Tuesday, December 15, 2009

Dying lakes become classrooms

Dying lakes become classrooms

17 architecture students will finalise designs for reviving two water bodies within a month

Sunitha Rao R. Bangalore



For the first time ever, the Bruhat Bangalore Mahanagara Palike (BBMP) has involved students of architecture in its efforts to rejuvenate the lakes in the city.
On BBMP's request, 17 students of first and third semesters of Masters in Architecture (Urban Design) from RV College of Architecture, are all set to assist the civic body in its efforts to revive the Dorekere and Puttenahalli lakes.
Speaking to DNA, Dr KS Ananthakrishna, director of the architecture school, said that this real time experience would greatly help these students in further enhancing their knowledge and understanding of urban design.
Anitha Suseelan, an assistant professor at the college, is the project co-ordinator.
"Students can do a much better work than professional architects as they have a more research-oriented mindset, when compared to
professionals," Anitha Suseelan
asserted.
Talking about the Dorekere lake, Anjan Kumar, a first semester student, who is part of this 17-student group, said, "Not only should the lake be made useful for research work, it should have multiple recreational facilities."
On December 1, the students had met the residents of Padmanabhanagar to discuss the various possibilities in rejuvenating the lake.
Anjan suggested that the lake and its surrounding area should be so developed that it becomes the perfect recreational place for the students of several schools in the locality. Anjan felt that it would be a good idea if the lake area housed a playground, a wetland, jetty, coffee shop, yoga centre, an island, a pathway, jogging track and a plaza.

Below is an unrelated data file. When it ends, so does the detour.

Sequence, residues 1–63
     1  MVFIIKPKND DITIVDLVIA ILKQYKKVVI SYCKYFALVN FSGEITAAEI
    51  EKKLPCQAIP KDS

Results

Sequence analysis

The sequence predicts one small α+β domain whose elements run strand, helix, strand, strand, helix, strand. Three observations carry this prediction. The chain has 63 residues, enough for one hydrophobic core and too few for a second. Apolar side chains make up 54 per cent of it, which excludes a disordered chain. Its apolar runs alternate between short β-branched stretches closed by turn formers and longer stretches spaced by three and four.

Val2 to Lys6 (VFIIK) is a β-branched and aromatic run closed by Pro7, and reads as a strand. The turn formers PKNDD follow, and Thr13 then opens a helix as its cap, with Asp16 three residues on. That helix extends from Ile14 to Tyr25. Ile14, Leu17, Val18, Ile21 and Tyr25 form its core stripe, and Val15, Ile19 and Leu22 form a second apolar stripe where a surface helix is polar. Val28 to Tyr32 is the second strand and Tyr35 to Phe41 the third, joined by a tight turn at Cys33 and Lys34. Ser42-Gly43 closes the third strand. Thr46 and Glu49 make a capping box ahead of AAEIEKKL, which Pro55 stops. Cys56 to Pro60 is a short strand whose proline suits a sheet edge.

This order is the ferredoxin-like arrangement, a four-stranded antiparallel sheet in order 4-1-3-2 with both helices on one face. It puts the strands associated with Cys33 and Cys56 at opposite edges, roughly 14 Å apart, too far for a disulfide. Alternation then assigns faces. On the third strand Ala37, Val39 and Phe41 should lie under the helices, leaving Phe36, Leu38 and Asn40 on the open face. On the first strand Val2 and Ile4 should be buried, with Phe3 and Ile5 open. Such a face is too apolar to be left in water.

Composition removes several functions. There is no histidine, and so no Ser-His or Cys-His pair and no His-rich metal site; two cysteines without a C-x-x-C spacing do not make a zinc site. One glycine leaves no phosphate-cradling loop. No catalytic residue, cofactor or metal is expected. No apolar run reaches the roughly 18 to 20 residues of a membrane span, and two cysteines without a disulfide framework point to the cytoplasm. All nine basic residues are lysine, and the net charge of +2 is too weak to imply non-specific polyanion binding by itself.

Students think that citizens should be educated about the importance of lakes so that they do not dump garbages there.
Niloofar Rahmatollahi, an Iranian national pursuing the MArch course in RV college and a project participant said, "In Iran, we make the best possible use of our natural reserves and resources. Even though compared to Iran, Bangalore has a vast bio-diversity, people here are very careless about their natural resources. This attitude must change and the public must participate in beautifying the city."
The BBMP also plans to construct cycle lanes in areas surroundings the lakes.
Sagar, one of the research students said, "We can encourage eco-tourism in Bangalore; a trip starting from Bugle Rock in Lalbagh, to Sarakki tank via Yediyur lake, Madiwala lake and Puttenahalli tank can be planned."
The students have also surveyed Sarakki tank, which was rejuvenated by the BBMP in 2007.
"Though it was rejuvenated, the tank has not been properly maintained. The lake has shrunk and is almost dry now and filled with weeds," said Annapurna V Hishobkar, an M Arch student and project participant.
Also there is a drastic drop in the number of birds visiting the lakes, which, the students said, is a clear biological indicator to the extent
of damage meted out to the water bodies.
The students will hand over their proposed designs to the authorities within a month.
"If we are permitted, we will be more than happy to monitor the implementation of our designs," said the students and staff involved in the project

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